Czech billionaire Prime Minister Andrej Babis on Friday clinched a minority coalition deal with the leftwing Social Democrats (CSSD), but will still have to rely on the informal backing of the communist party to win a confidence vote in parliament.
Social Democrat (CSSD) leader Jan Hamacek confirmed the deal after 58.5 percent of the party's members endorsed the coalition with Babis's populist ANO (Yes) party in a lengthy operation that ended Friday.
The CSSD will play "the role of a strong leftwing party" in the coalition, Hamacek told reporters in Prague.
ANO won 78 seats in the 200-member parliament campaigning on an anti-corruption ticket in the October 2017 election, but Babis struggled to form a coalition.
Potential partners shunned him over criminal charges he faced for alleged EU subsidy fraud, something he flatly denied.
His first attempt at forming a cabinet ended in January when his minority government of ANO members and unaffiliated experts failed to garner enough support in parliament.
On June 6, Czech president Milos Zeman tapped Babis as prime minister for a second time in six months, betting that he will be able to swing a parliamentary majority.
"On Sunday I will present President Zeman with a draft of the composition of my government, which will then seek the confidence of parliament. This vote could take place on July 11," Babis told reporters on Friday.
Teaming up with the 15-seat CSSD will give Babis the backing of just 93 seats in the 200-seat parliament.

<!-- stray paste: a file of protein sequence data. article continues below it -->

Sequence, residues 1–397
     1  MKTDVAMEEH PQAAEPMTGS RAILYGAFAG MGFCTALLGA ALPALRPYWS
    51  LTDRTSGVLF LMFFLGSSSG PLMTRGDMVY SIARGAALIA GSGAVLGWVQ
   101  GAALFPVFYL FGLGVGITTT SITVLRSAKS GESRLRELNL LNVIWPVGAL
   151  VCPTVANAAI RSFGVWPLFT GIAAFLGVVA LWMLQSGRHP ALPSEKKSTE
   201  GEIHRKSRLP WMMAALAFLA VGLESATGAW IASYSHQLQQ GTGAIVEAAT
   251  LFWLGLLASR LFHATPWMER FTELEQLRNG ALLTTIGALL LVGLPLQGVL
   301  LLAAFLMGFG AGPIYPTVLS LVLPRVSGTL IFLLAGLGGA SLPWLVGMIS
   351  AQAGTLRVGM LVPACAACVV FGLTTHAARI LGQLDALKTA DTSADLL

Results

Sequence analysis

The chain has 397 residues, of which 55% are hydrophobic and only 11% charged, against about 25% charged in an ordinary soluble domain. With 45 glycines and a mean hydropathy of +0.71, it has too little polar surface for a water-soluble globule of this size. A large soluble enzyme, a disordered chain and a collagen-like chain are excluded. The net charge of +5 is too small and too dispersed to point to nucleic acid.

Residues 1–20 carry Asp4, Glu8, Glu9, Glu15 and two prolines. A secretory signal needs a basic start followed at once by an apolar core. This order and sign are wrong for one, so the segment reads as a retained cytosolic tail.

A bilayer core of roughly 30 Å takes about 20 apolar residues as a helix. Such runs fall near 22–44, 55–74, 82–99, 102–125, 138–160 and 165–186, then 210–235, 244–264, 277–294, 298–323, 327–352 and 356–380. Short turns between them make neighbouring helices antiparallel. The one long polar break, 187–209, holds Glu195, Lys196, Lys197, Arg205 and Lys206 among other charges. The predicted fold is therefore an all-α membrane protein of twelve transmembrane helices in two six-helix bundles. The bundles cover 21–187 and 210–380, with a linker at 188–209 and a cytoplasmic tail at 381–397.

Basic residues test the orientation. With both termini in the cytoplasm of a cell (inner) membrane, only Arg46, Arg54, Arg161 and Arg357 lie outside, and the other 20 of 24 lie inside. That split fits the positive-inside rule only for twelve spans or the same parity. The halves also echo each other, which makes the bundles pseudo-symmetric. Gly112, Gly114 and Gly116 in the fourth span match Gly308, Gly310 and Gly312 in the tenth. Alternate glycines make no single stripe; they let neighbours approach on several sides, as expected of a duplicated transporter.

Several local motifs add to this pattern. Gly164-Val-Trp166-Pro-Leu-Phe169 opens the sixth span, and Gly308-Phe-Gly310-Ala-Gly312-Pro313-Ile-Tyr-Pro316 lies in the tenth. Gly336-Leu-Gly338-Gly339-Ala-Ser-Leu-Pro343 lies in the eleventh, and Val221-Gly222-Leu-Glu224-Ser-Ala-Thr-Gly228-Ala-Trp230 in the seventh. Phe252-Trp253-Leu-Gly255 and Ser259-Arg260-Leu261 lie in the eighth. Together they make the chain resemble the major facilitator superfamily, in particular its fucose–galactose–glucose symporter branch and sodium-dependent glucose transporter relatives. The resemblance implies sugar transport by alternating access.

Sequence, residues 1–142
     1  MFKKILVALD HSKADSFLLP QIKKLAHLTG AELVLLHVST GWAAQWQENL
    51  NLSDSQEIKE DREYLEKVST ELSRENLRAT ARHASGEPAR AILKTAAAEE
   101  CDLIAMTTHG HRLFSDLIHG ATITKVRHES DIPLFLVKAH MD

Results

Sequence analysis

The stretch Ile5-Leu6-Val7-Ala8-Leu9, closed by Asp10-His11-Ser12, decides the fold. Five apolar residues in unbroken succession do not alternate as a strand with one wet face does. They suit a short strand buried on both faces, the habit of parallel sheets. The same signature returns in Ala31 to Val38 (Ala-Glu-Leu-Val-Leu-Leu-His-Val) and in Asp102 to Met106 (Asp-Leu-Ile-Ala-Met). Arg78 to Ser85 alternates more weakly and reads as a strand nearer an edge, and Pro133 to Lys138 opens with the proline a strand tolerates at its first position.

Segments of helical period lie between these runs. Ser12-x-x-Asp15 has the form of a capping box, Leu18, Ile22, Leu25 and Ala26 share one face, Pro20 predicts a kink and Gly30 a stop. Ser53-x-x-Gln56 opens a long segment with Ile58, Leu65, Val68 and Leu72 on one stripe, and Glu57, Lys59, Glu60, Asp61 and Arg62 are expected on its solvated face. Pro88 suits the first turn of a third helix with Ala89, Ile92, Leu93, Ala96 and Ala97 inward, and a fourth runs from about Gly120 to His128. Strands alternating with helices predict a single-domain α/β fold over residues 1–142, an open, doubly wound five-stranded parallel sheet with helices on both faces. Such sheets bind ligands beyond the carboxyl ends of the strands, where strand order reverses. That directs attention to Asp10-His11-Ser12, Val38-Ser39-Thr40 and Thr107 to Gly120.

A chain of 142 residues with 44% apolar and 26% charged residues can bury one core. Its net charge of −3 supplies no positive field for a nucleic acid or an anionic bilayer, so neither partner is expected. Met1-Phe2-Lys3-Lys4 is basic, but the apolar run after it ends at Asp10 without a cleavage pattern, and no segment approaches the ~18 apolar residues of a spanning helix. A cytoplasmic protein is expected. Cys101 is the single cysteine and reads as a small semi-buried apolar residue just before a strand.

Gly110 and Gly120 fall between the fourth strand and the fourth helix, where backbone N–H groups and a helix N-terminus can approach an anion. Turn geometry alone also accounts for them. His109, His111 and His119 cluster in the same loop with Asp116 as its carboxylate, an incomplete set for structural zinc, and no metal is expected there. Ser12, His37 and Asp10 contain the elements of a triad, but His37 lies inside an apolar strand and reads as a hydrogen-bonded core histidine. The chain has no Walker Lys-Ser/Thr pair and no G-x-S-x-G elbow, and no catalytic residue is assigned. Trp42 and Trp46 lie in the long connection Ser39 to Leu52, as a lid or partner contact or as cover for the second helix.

To secure a parliamentary majority, Babis -- a former communist -- intends to rely on backing from the 15-seat KSCM Communist Party.
The KSCM has signalled it will back him in a confidence vote this time around in exchange for positions in large state-owned enterprises.
This could give the Communists a role in government, albeit an informal one, for the first time since the collapse of the communist regime in the Velvet Revolution in former Czechoslovakia in 1989.
The prospect of the Communists playing any role in government sent thousands of protesters onto the streets of the EU and NATO member of 10.6 million people last week.
Police have charged Babis -- a food, chemicals and media tycoon and the second wealthiest Czech -- with alleged EU subsidy fraud to the tune of two million euros ($2.4 million).
The Slovak-born entrepreneur has also been dogged by allegations he served as a Communist secret police agent before 1989. Babis has denied any wrongdoing.